poems of relocation

as bryan and i prepare for our 6th move in 7 years (my 5th different state to live in!), and i pull out the packing tape and box things up room by room, and i think about all those past moves. how easy it was to pack and move to boston, just us two and the car full of stuff we could’ve left behind. how difficult it was to move to the kentucky farmhouse, so pregnant and wanting so badly to have a more permanent place to call home.

i’ve not found many poems on the subject, but i’ve written many on relocating, moving, digging up roots from one home to plant another. moving can be emotional and difficult–changing so much of your day to day, everything about your day to day, from where you sleep to who you see at the grocery store. its also exciting–the new opportunity, all the possibility, not knowing, exactly, what your new life will be like.

This is a poem, found in Keeping Me Still, that I wrote around 2009 i think, when moving from tennessee to massachusetts:

Moving North

We learn an empty house,
the look of a room as a cavity
to be filled. We learn to portion
and take everything to keep,
in labeled boxes that make
angles and a jigsaw fit.

In the story, the sisters cut portions
from their feet, to fit
the shoe. The prince knew
when the blood seeped
over the bridge of the foot,
down the pointed heel.

Cushion wedding
dishes with winter
sweaters, cradle picture frames
with newspaper, perfumes
with plastic bags.

Nothing will break.
It will all fit.

In the Smokies, vacationing
and young, we ate
at a catfish place where you
catch and kill from a pool.

Walking in, my sister’s shoe
(She was walking in
my shoes, that did not fit) fell
in the water. My sisters
held my heels, and I reached,

belly in the slime of the concrete bank,
and I pulled her shoe from the waters.

The boxes shift in the back.
The rear window, obscured.
The sun, obscured by clouds
rolling in from the North.
from Keeping Me Still (Winter Goose Publishing)


what are some of your favorite poems about moving, relocation, a new home?

The Marriage of Text and Tune

Today is going to be a little different.  After a brief “how to worship God with our writing” exercise (song lyrics), I will be mainly exploring a way to take that writing a step further (setting it to pre-existing music).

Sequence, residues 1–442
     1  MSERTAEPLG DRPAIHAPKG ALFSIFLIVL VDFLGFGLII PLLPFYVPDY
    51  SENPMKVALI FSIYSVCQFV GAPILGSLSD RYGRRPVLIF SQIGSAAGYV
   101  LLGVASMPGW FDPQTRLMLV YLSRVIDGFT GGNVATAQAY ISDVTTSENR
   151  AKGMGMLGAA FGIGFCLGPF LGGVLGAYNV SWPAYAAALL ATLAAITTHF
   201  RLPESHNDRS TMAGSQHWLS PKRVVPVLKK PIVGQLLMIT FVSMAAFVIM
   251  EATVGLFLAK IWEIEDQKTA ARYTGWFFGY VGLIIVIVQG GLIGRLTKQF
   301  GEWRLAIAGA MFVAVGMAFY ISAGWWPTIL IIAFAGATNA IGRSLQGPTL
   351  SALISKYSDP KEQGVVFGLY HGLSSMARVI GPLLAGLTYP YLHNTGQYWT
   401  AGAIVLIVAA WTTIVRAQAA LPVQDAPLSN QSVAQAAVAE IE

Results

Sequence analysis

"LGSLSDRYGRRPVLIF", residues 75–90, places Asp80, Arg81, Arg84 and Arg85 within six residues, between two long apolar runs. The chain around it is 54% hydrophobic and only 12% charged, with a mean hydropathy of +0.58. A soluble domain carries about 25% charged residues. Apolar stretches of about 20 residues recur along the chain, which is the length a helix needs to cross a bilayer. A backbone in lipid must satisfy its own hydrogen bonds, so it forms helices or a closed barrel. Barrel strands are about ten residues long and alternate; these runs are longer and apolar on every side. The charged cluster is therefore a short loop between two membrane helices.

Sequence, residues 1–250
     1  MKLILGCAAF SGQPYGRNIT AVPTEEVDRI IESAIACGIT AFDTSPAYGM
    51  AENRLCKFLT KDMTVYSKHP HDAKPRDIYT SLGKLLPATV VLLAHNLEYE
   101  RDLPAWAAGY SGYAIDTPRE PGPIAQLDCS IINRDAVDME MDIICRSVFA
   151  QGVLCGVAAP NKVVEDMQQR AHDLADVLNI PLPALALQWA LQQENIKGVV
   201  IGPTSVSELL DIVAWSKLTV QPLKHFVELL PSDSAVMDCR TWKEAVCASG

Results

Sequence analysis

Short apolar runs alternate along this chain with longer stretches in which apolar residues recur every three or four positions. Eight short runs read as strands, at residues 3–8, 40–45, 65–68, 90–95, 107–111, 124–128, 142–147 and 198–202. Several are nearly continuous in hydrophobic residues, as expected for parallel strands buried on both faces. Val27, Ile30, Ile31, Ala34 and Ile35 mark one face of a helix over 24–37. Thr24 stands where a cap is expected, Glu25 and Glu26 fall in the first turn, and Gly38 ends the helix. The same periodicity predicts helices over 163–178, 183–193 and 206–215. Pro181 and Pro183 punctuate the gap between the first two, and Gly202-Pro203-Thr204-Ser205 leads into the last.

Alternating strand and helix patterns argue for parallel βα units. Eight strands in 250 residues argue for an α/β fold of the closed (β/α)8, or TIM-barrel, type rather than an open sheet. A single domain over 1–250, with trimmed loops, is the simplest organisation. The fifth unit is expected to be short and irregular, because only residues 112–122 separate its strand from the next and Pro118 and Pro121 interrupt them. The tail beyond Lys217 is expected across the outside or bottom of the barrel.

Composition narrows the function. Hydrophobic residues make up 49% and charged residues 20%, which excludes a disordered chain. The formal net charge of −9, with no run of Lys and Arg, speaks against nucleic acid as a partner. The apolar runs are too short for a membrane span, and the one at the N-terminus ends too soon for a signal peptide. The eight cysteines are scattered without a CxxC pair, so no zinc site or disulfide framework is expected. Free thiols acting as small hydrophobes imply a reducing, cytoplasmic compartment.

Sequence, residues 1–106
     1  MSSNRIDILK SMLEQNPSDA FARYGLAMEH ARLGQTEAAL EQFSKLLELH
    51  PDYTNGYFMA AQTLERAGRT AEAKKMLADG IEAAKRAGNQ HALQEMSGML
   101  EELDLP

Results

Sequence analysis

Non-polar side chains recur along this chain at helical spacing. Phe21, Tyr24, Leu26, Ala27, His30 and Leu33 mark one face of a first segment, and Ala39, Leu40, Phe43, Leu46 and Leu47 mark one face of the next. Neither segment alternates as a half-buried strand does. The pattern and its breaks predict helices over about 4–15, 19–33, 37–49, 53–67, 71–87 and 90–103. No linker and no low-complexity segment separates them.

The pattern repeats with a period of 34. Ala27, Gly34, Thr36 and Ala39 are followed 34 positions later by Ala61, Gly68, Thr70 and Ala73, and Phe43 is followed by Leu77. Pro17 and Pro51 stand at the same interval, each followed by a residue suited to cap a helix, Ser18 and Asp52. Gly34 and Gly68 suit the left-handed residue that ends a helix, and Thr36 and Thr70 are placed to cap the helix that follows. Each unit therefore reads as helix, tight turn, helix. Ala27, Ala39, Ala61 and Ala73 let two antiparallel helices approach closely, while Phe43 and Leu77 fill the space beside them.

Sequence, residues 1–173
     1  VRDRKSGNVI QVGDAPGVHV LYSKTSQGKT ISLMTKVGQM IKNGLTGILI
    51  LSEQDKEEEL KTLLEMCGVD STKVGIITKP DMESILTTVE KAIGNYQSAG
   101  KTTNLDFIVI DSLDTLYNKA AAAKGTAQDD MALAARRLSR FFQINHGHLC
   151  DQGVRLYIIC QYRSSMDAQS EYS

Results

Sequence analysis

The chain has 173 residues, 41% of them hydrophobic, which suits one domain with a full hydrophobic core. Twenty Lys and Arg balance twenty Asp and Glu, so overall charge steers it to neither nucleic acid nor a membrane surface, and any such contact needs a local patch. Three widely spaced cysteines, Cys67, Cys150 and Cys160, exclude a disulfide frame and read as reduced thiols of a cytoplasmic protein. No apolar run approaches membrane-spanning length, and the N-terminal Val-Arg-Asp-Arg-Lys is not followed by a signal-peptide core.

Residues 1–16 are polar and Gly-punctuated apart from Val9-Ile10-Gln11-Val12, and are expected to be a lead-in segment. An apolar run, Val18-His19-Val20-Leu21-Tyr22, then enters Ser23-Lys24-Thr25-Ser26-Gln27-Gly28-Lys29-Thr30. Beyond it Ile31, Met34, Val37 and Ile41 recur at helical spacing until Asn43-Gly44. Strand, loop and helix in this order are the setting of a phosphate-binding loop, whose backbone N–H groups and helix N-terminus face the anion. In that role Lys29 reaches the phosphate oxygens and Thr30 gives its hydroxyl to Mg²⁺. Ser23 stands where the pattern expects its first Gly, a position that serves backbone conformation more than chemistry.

In the last three posts, I introduced three different ideas to explore for possible song lyrics.  Today, I challenge you to implement one of these and write a song, but first it would be a good idea to brush up on meter.

For those of you who have never written lyrics before (and especially for those of you who don’t know anything about music theory), I would suggest sticking to an iambic (common meter), iambic (long meter), or iambic (short meter).

Once you are satisfied with your lyrics, choose a tune from a hymnal you have lying around for the tune.  You don’t have a hymnal?  Go ask your pastor or music minister, chances are you will walk away with 3 or 4 different hymnals from the boxes and boxes of them your church has in storage.

In the back of the hymnal are several indexes listed the hymns by author, title, tune title, and tune meter (plus or minus one or two other criteria depending on the hymnal).  When you finish your lyrics, start looking through the tune meter index to find all of the tunes listed with the meter you chose.  Try singing your song to a few familiar and a few unfamiliar tunes (if you can’t read music, type in the hymn name into www.nethymnal.org to listen to a midi version).

It is very important to find a tune that matches the lyrics well.  You have a specific feel in mind when writing the lyrics, so you should find a tune that best gets that feel across.  One example I like use a lot is Oh the Deep, Deep Love of Jesus.  This link takes you to see the lyrics and hear my favorite tune for it: EBENEZER.  In 1991, however, the Baptist hymnal decided to change the tune from EBENEZER to HARRIS.  In 2008, the Baptist hymnal kept the HARRIS tune.

In my opinion, switching from EBENEZER to HARRIS was a huge travesty.  First of all, the lyrics to the song are filled with water imagery, and the rhythm of the tune EBENEZER feels like waves crashing on the shore.  The HARRIS tune, however, feels like a pub song.  It seems to me that the editors of the 1991 Baptist hymnal wanted to shy away from tunes in minor keys, so this song was given a tune that made it feel more upbeat and “happy”.  What it loses, though, with this is change is a proper marriage of tune and text.

When you are selecting your tune, do not think about which tune makes you feel happiest.  Think about which tune carries the same message that your lyrics carry.  Only then will a song truly work to speak the message it was meant to speak.

31  Days